All that time you spend scrolling through job openings to find the perfect fit can actually help you as you’re polishing up your resume and getting ready to apply. For one, it exposes you to the wide variety of meanings a job title can hold. One company’s definition of an account manager or customer relations specialist may not be the same as another’s. Keep a running list of job titles with different companies that fit your skill set and interests. As you’re looking for jobs, this will broaden your search and help get more hits.
As far as your resume is concerned, you’ll be able to tweak your marketing message to align with the role at a particular company. Use the same terminology at the top of your resume that the company does. Your current title may not be exactly the same, but that’s okay – you’ll be able to show how it aligns in the content.
Compile keywords from job descriptions. What are the most common phrases and terms that employers use over and over? These are areas you want to ensure your resume hits upon. Incorporate this same terminology not only in your summary and core competencies, but also within your experience. ATS scan for keywords, but not just on their own – also within the context of sentences. Your core competencies section calls them out, but your job experience elaborates on these skills.
Pay attention to skills and areas where you may be lacking. Do a lot of job descriptions ask for specific software proficiency or skills that you’re missing? Time to consider professional development or taking on different projects at work to build your skills and gain relevant experience. Or, do you have this knowledge but hadn’t thought to include it? Time to make some changes and add a bullet point or keywords that demonstrate you have the desired abilities.
Get a feel for company culture and what organizations value. Are the companies you’re targeting focused on eco-friendly practices or high levels of customer engagement? Make sure these values are evident on your resume and show how you can contribute.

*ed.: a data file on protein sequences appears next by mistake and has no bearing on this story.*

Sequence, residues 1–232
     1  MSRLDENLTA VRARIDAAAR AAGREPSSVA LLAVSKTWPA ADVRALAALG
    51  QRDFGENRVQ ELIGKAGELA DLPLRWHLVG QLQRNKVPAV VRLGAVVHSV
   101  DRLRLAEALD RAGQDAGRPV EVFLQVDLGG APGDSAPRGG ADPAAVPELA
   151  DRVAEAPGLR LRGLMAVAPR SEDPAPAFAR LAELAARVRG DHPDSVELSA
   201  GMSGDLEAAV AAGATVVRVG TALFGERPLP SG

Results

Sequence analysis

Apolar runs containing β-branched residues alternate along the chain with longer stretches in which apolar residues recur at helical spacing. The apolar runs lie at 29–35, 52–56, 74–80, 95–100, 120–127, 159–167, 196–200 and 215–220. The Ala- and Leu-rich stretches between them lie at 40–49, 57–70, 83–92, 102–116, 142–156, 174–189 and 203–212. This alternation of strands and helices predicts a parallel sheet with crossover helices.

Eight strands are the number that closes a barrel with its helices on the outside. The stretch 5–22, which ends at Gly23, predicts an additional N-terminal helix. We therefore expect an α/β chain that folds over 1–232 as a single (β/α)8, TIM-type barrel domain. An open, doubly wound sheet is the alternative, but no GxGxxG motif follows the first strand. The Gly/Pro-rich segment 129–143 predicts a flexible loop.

Gauge experience and how you fit in. If you always seem to be falling short on required years of experience, it may be time to adjust your job search and choose something more relevant until you have additional experience under your belt or can work your way up in an organization. Or, you may way to emphasize how your experience puts you at this level even though you don’t have the desired number of years yet. This can be especially true if you’re in a smaller organization where you wear many hats or have taken on strong leadership responsibilities.
Reading a variety of job descriptions can help you to better tailor your resume to the type of position you desire, and also open your eyes to the opportunities that are available. Use this to your advantage whether you’re looking to advance in your career or transition into another line of work. The team at Grammar Chic can help you rework your resume to highlight the skills and experience employers desire while also showing your potential. Contact us at (803) 831-7444 or email@example.com to schedule a consultation or learn more about available services.
Amanda E. Clark founded Grammar Chic in 2008. She is a graduate of Eastern Michigan University and holds degrees in Journalism, Political Science, and English. She launched Grammar Chic after freelancing for several years while simultaneously leading marketing and advertising initiatives for several Fortune 500 companies.